Next, going up over the high mountain pass on the road to Vera Cruz we passed a car that had blown the clutch. We stopped and gave the driver a ride to his hometown back in the mountains. He was taking his oldest daughter to Mexico City to start at the university and had the whole family with him. By then we were nearly out of gas again so we stopped at the next city of any size and filled up. Then the gas station attendant told us they didn’t accept traveler’s checks–and on the weekend with the banks closed tight no one else in town would accept them either. I had given our cash to the tourist truck that morning so we spent a couple of hours trying to cash checks.Finally we got all but about $1.25. The attendant took it and cussed at us as we drove away.
We zoomed onto the toll road, came to the last toll booth and of course had NO money. By this time we were hysterical (with laughter). We were kicked off the toll road at a little, beautiful town called Fortín de las Flores. We finally entered some jungle! We stopped at a little inn called Posada Loma (The owners were the most accommodating people I have ever met; they cashed traveler’s checks for us and the Posada Loma is to this day one of our favorite places to stay in Mexico. We stopped there again and spent a night or two on our way home from Panama and have returned many times since.) We bought lunch–they only had thick soup and fat sandwiches and fresh squeezed orange juice and strawberry ice cream. We ordered everything. Meggie lay on the cool tiles drinking OJ and we started to like Mexico again.
If I ever go back that way I guess we’ll stay there! (See above, definitely a place we have returned to over the years!) Maybe we won’t travel on Sunday after this though.There were just too many attempts to discourage us.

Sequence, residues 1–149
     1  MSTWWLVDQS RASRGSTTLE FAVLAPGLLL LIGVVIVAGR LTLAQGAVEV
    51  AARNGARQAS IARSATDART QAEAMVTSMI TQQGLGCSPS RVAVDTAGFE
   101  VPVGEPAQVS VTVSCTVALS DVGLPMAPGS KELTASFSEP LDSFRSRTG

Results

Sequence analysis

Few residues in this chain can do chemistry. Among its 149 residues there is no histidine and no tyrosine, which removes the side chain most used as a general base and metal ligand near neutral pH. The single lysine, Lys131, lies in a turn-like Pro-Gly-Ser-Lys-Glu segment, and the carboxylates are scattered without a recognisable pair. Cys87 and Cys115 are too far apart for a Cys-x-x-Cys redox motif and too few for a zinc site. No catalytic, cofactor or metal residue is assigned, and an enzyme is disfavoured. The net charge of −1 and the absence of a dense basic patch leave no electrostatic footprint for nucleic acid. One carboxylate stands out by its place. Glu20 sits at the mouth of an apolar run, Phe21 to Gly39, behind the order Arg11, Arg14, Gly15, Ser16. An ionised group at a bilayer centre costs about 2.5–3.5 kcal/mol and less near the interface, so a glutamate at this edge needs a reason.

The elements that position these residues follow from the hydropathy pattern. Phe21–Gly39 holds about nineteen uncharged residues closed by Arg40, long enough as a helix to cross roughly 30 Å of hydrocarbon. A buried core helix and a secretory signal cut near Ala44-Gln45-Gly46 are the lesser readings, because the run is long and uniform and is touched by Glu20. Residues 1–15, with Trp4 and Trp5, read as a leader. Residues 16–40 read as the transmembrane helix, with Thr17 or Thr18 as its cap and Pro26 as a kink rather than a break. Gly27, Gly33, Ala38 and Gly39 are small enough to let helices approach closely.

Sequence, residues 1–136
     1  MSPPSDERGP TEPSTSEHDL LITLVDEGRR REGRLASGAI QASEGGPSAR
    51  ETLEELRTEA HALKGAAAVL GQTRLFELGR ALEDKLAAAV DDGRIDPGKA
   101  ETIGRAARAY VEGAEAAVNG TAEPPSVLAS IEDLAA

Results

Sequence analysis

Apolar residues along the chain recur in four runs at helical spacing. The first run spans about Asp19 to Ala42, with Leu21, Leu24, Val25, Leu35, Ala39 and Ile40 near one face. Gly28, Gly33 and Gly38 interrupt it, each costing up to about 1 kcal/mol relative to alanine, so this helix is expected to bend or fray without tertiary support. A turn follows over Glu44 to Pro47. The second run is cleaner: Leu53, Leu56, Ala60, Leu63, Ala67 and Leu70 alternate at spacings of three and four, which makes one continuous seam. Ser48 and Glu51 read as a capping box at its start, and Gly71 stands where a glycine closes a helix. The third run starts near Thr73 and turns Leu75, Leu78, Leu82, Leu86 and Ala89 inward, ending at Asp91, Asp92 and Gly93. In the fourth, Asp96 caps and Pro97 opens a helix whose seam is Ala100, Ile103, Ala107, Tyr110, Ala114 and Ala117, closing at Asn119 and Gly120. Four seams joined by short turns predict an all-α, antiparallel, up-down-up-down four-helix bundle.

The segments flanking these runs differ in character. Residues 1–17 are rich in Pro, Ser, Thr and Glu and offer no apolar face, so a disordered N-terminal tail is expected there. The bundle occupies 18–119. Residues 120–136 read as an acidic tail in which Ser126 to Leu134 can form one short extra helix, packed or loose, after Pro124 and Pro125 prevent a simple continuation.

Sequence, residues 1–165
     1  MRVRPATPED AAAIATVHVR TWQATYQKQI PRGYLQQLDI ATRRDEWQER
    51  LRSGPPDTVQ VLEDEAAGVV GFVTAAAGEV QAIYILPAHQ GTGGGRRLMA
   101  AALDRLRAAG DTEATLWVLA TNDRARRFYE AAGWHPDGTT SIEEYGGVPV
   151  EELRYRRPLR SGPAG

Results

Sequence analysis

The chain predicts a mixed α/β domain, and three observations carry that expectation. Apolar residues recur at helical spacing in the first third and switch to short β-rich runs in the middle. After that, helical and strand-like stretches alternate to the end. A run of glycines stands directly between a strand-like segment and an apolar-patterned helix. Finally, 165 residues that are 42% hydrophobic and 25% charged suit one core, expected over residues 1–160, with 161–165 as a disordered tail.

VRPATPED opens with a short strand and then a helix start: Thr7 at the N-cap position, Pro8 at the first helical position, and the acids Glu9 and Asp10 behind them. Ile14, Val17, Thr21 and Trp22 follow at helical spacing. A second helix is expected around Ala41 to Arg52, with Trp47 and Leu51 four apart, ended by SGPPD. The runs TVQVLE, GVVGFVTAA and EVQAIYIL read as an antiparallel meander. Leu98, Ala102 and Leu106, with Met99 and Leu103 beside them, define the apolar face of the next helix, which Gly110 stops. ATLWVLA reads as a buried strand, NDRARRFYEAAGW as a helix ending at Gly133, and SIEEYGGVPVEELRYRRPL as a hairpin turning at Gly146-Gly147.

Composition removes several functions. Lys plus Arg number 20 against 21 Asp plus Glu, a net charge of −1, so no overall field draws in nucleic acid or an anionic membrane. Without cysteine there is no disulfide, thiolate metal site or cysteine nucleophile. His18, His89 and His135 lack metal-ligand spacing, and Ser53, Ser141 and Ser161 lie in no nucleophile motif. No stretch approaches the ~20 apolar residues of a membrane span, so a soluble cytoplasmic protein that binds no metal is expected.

We drove on after lunch past Vera Cruz that evening and stayed in a nice played called Lake Catamalco. (Mel Gibson filmed Apocalypto in this area) The next morning we went wading in the Gulf of Mexico and headed back across Mexico to the Pacific coast–driving through cactus. We spent the night in Tapachula on the Mexican border and started out the next morning for Guatemala. The border didn’t open that morning until 10:00 AM. It took two hours to drive through all the customs and border checks, bug spray, etc. Finally we could say Adios, adios Mexico Lindo. More adventures lay ahead!

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About Karen Hopkins

Karen Hopkins (1949-) was born in Los Angeles and raised in Martinez, California. At seventeen she moved to Talcahuano, Chile. After completing her university degree she worked in London, England for Pan American Airlines and traveled extensively throughout Europe, the Middle East, and India. For twenty-six years Karen taught Spanish and English as a Second Language in a variety of settings including a private school in Panama, the "most remote school in the United States" in Ticaboo, Utah, the Navajo Reservation, and a teacher exchange in Hermosillo, Mexico. Karen and her husband traveled extensively throughout Mexico and Central America, spending many summers in the highlands of Chiapas and Guatemala . Karen currently lives in Southern Arizona, near the Mexican border.